Publication Title: Boston Pilot (1838-1857)
Source: Boston College
Country/State of Publication: Massachusetts, United States
DEATH OF THE RT. REV. BISHOP FENWICK. [Newspaper Article] — Boston Pilot (1838-1857) — 15 August 1846

DEATH OF THE RT. REV. BISHOP FENWICK. THE PILOT. SATURDAY, AUGUST 15, 1846. With a heavy heart and a trembling! hand, we take up our pen to announce tol our readers the demise of our venerable! and beloved Bishop. Our churches have assumed the weeds of mourning. “Between the porch and the altar, the priests, the Lord’s ministers, weep, and say, Spare, O Lord, spare thy people.” Innumerable is the multitude of mourners—for the Chief Shepherd hatwvisited the flock and summoned hence its pastor, counsellor and benefactor, to receive the recompense of his long and faithful labors. “I heard a voice from heaven, saying; write, Blessed are the dead who die in the Lord. From henceforth, saith the spirit, that they may rest from their labors; for their works follow them.” Jlpoc. 14: 13. To sketch the character of Bishop Fenwick, to convey to our readers even a faint idea of his noble soul, of his extraordinary attainments, of the resources of his mind, of bis benignity and inexhaustible good...

Publication Title: Boston Pilot (1838-1857)
Source: Boston College
Country/State of Publication: Massachusetts, United States
ORIGINAL. LINES [Newspaper Article] — Boston Pilot (1838-1857) — 15 August 1846

ORIGINAL. LINES J.B., AN IRISH PEASANT. On the Death of the late lamented Dr. O'Flaherty. Ye who are great and learned And high in letters shine, Scorn not my humble elegy Upon a great Divine,— A star whose bright effulgence Did lately disappear, May it shine with greater lustre In a bright and better sphere. Endowed with highest wit, Yet here he could not stay, The Almighty has thought fit To beckon him away. But if charity be rewarded, As certainly it must, His soul is now rejoicing In Heaven with the just. It was his guiding principle To lend a helping hand, As well to the oppressed of every clime As of his native land. So copious was his charity He lent to all in need, Not caring to what country, What color or what creed. Above these strains of eulogy, His virtues shone more bright, Than does the most resplendant day, Surpass the darkest night. But the abiding city Of that spirit was not here; The great Jehovah snapped the thread, And shortened iiis career. But let his cherished...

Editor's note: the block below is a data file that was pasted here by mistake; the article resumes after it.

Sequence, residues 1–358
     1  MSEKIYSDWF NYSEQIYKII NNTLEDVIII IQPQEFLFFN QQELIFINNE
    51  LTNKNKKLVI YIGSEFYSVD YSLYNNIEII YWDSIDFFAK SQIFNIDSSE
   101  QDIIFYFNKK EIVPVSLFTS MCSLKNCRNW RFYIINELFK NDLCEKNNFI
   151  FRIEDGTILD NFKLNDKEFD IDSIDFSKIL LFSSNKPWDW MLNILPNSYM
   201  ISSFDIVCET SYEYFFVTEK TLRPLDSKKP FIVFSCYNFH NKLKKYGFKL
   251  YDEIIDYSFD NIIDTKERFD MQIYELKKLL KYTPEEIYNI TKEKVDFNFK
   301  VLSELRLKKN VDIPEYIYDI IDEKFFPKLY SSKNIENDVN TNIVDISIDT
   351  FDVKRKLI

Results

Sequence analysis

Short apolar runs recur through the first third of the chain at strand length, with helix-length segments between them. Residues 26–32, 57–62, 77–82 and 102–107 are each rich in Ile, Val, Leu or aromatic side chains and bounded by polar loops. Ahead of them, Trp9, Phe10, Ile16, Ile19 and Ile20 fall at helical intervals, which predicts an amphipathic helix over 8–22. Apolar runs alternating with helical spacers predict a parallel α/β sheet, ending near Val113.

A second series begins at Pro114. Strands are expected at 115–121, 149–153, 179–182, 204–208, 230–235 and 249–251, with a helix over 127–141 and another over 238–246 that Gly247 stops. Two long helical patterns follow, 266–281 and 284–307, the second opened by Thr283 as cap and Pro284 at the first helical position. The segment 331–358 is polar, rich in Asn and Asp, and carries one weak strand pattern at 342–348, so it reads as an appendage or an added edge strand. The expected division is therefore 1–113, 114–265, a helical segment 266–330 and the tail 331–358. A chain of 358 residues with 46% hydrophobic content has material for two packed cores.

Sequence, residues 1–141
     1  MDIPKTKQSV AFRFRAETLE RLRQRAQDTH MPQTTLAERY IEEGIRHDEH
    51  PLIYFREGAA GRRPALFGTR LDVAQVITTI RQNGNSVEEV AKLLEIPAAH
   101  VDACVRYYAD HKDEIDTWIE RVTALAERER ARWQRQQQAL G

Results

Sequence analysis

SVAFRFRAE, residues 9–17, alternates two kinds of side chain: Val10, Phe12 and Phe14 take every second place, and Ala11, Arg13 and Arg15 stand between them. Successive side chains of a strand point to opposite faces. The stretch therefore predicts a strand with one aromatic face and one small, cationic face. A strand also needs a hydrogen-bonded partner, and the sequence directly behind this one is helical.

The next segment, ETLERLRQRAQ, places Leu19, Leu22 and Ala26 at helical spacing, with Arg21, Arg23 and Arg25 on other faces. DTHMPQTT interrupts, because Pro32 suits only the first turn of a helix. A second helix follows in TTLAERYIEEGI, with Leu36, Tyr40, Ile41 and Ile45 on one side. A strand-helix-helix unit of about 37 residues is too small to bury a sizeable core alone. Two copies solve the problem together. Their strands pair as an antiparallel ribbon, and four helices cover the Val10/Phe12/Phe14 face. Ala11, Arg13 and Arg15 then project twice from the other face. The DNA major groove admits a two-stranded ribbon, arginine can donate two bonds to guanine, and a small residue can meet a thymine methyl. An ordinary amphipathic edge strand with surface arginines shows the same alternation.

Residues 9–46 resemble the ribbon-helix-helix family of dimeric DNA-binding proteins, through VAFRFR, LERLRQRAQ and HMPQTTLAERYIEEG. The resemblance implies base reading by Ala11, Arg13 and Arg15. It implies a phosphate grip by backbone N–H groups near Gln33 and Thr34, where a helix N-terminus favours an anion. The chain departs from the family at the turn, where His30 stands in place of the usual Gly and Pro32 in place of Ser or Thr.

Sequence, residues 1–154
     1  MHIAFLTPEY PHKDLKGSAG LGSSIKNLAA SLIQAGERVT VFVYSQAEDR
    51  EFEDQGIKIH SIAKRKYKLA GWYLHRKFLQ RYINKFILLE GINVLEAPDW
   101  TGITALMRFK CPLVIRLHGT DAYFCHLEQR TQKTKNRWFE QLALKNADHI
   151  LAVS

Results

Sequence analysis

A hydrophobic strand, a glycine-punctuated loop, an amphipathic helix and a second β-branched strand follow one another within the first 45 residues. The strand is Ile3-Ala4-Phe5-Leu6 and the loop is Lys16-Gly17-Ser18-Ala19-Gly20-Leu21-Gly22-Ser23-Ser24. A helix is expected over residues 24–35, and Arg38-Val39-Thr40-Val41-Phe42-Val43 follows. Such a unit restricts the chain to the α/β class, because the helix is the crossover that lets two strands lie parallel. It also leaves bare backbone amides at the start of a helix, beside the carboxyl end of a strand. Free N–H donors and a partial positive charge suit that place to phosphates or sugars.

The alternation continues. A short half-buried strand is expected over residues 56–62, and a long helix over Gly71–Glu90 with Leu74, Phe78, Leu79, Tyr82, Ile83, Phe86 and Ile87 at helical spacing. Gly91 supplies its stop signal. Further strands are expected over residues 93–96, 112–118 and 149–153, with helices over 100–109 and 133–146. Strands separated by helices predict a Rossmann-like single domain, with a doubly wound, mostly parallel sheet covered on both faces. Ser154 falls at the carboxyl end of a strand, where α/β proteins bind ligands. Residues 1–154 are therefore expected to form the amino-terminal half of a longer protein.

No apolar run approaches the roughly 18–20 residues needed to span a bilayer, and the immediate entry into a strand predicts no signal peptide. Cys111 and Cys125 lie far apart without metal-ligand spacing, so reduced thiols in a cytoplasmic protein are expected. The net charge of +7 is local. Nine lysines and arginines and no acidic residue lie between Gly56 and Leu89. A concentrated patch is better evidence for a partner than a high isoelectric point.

Publication Title: Boston Pilot (1838-1857)
Source: Boston College
Country/State of Publication: Massachusetts, United States
THE SUB-TREASURY. [Newspaper Article] — Boston Pilot (1838-1857) — 15 August 1846